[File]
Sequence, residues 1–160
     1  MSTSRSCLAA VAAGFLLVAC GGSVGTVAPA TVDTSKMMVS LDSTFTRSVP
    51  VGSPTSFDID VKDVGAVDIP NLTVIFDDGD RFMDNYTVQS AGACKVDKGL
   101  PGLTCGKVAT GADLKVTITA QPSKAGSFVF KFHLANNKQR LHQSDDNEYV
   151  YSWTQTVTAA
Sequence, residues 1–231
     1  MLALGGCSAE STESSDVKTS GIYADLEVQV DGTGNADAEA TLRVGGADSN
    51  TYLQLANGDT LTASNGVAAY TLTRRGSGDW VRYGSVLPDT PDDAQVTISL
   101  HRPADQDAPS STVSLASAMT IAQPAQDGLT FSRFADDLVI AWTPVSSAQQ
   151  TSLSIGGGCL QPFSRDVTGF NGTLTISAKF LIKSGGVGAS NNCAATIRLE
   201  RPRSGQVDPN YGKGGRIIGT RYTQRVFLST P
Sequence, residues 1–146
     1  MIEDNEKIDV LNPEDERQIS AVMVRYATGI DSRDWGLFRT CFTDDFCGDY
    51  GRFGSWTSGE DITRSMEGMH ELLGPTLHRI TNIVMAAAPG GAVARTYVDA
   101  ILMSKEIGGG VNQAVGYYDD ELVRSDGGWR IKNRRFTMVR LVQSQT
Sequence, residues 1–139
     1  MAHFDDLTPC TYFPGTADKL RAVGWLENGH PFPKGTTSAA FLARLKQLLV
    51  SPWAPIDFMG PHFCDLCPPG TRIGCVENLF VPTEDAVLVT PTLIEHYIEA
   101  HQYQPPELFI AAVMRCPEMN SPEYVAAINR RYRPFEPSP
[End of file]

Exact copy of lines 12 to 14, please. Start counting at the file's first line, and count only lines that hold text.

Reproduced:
Sequence, residues 1–146
     1  MIEDNEKIDV LNPEDERQIS AVMVRYATGI DSRDWGLFRT CFTDDFCGDY
    51  GRFGSWTSGE DITRSMEGMH ELLGPTLHRI TNIVMAAAPG GAVARTYVDA